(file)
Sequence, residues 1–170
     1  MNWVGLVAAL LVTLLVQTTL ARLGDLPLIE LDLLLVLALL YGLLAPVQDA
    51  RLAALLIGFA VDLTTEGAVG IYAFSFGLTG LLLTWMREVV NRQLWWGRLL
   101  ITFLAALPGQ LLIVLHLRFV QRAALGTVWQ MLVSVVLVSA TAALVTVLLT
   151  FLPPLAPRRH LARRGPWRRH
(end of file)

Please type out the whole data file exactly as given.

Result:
Sequence, residues 1–170
     1  MNWVGLVAAL LVTLLVQTTL ARLGDLPLIE LDLLLVLALL YGLLAPVQDA
    51  RLAALLIGFA VDLTTEGAVG IYAFSFGLTG LLLTWMREVV NRQLWWGRLL
   101  ITFLAALPGQ LLIVLHLRFV QRAALGTVWQ MLVSVVLVSA TAALVTVLLT
   151  FLPPLAPRRH LARRGPWRRH